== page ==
An ‘Assault Weapons’ Ban That Looked Like a Sure Thing Dies in Colorado

AR-15 rifle assault weapon of war
Dan Z. for SNW

Last month, anti-gun politicians in Colorado were like Anthony Adams, rubbing his hands together in anticipation while peeking out from behind a tree. The prize they had their eyes on? An “assault weapons” ban that looked like it was a sure thing. In a 35 to 27 vote in which no Republicans voted yes and several Democrats voted against, the state’s House of Representatives passed a wide-ranging law that would have violated the rights of both Coloradans and those passing through.

But the the eager anticipation of the forces of civilian disarmament have turned to bitter disappointment. On arrival in the Senate, the gun ban bill was assigned to the Senate State Military and Veterans Committee. Things looked promising because Democrats hold a 3-2 majority in that committee. What they didn’t anticipate was that a man on the committee whose son died in the Aurora theater shooting would actually oppose the bill.

“Banning? That doesn’t end well for us,” said Sen. Tom Sullivan to The Washington Post last year. “And I’m speaking as the father of a son who was murdered by an assault weapon.”

The governor also didn’t seem very supportive as he told reporters last year that he thinks restrictions on where people can carry would work if there were better enforcement. He also says he thinks other laws would work if people followed them, but offered no ideas on how to make criminals actually comply. What he’s skeptical of, though, is discussions on equipment, as he doesn’t think that would help.

Sullivan’s statement also hints at the effects of NYSRPA v. Bruen. What would definitely make an “assault weapon” ban not “end well” would be its sure fate in the courts. Similar laws have already been struck down, some of which were attempted by local governments in Colorado. So it seemed a sure thing that the state’s ban would run into the very same buzz saw.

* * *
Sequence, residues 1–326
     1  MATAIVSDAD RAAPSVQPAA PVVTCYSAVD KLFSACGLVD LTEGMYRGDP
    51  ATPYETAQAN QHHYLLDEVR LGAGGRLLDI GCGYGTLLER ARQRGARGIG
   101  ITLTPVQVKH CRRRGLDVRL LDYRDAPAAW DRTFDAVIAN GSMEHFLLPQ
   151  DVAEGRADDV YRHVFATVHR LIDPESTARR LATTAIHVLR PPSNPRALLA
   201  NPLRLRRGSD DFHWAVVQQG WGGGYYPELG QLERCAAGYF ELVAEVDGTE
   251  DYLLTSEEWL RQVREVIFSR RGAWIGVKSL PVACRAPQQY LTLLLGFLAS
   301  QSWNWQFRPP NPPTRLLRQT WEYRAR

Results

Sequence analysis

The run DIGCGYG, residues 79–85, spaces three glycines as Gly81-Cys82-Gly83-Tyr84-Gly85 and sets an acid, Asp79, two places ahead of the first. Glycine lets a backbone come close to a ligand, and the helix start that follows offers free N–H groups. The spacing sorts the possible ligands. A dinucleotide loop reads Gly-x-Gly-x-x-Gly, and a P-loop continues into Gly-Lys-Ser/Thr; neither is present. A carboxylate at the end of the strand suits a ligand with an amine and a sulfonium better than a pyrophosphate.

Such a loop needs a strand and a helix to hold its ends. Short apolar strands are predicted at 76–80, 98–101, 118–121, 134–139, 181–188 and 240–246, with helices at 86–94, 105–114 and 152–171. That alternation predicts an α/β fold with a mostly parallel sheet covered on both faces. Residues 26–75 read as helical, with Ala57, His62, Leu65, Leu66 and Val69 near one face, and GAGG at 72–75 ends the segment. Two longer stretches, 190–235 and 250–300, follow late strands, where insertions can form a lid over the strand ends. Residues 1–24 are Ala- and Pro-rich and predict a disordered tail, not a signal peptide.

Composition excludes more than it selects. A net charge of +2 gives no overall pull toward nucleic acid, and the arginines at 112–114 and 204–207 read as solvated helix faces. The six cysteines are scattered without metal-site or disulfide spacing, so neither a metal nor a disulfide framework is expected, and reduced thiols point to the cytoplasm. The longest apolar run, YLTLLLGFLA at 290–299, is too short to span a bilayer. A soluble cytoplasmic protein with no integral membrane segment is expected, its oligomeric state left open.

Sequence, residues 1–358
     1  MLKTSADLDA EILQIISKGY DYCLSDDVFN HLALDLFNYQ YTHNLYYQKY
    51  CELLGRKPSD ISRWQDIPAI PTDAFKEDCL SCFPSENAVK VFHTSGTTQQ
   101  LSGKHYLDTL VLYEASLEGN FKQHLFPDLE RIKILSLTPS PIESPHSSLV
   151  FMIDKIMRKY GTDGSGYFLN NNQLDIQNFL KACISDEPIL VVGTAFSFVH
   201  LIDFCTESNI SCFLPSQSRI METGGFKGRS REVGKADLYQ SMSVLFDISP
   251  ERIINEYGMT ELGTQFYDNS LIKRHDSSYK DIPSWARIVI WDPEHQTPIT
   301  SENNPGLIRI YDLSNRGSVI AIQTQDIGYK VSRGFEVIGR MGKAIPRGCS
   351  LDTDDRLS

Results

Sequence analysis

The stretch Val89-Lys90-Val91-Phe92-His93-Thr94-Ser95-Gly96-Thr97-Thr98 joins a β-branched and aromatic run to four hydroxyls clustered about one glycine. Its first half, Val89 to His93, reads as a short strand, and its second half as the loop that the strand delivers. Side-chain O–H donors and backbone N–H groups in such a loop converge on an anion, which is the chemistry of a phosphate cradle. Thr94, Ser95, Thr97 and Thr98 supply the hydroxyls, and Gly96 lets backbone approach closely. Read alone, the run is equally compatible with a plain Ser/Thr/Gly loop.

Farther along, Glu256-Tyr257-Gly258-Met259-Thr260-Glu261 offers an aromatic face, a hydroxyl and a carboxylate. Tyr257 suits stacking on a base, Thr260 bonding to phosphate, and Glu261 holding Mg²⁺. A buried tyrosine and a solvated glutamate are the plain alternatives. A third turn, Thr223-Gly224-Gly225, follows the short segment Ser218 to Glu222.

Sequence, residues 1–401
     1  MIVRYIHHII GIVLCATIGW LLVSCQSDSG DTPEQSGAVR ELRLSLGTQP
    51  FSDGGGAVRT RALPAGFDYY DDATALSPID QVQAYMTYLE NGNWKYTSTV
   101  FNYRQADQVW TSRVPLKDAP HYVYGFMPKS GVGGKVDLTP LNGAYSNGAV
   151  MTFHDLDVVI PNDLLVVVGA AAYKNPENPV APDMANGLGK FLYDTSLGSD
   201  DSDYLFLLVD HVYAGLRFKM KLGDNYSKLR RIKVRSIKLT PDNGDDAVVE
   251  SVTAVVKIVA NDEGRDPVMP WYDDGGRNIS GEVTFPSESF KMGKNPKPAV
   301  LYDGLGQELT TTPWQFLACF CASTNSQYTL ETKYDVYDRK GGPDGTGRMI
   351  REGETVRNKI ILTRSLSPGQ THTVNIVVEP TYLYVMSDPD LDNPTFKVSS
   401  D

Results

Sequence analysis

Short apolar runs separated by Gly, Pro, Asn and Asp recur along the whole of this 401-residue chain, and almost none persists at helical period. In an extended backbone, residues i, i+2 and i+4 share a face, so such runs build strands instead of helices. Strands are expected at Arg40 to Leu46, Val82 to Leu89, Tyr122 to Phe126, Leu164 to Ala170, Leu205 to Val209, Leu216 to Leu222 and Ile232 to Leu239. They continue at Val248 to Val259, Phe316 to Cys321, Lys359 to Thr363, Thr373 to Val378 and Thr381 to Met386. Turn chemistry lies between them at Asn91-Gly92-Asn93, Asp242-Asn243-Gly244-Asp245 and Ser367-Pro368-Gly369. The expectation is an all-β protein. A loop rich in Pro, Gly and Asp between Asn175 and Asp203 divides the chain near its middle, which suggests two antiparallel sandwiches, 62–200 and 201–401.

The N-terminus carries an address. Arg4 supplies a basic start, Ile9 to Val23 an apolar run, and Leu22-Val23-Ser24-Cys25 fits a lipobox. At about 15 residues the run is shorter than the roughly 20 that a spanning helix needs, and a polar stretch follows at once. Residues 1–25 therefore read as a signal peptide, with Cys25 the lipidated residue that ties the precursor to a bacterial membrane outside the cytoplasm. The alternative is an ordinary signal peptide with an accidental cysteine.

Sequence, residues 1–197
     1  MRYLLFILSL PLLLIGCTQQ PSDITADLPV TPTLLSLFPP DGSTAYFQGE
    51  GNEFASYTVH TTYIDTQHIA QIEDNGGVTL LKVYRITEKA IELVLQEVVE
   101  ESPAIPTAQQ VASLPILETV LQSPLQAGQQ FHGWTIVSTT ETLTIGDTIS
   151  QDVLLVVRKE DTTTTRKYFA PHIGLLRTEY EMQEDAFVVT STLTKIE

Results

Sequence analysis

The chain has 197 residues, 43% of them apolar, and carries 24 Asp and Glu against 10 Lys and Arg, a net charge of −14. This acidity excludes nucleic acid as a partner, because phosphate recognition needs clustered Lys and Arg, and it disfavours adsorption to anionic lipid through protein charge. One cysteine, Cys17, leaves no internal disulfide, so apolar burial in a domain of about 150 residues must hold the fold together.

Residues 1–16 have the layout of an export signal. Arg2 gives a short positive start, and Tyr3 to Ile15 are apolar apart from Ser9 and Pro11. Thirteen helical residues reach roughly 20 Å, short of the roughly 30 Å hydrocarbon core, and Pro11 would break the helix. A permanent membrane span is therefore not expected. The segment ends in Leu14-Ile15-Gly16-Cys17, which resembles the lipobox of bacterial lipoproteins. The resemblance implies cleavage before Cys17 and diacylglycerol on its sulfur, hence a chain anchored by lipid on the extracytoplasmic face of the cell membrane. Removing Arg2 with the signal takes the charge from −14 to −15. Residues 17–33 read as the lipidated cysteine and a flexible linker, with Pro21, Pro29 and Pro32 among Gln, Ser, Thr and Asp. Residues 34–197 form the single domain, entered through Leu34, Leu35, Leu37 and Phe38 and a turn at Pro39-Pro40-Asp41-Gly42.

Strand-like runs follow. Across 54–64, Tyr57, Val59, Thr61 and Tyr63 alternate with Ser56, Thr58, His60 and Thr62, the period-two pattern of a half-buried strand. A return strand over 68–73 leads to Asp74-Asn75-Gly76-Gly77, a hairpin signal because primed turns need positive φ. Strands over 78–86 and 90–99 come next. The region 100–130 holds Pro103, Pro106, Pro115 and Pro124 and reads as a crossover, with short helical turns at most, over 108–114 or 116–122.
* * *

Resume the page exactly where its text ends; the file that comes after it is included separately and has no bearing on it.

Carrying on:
Without Sen. Sullivan’s support, the bill is now dead at the request of its sponsor.

“After thoughtful conversations with my Senate colleagues, I decided that more conversations need to take place outside of the pressure cooker of the Capitol during the last weeks of the legislative session,” Senator Julie Gonzales said in a written statement. “In that spirit, I look forward to renewing and continuing those discussions over the interim.”

Gonzales went on to say that she thinks such a gun ban would work if given the chance, and mentioned survivors of past shootings to stimulate emotions and cut back on any critical thinking on the part of low information types. Really, though, it looks like she’s just embarrassed that her bill is now dead and that she was forced to withdraw it.

This isn’t the first time such a bill failed to make it into law in Colorado. Last year, a similar bill was introduced, but never even made it as far as a floor vote. The first committee to hear it didn’t pass it. Now the idea of a Colorado “assault weapons” ban is a two-time loser.

You can bet that the state’s Democrats will try this again in the next legislative session, but little is likely to change. The appetite for gun control among people in all parties and all ages just keeps dropping in the United States. Add the challenges the Bruen decision poses to restrictions on lawful gun ownership and any bill trying to ban firearms of any kind has little chance outside of the bluest of blue states like California, Illinois and New York.

While this was a victory for gun rights, there are gun control measures that still may get through this session. Possible violations of rights include an excise tax on guns and ammo, a “sensitive places” carry ban, an insurance mandate, and a dealer licensing bill. So, this is no time to let as the legislative session winds down.

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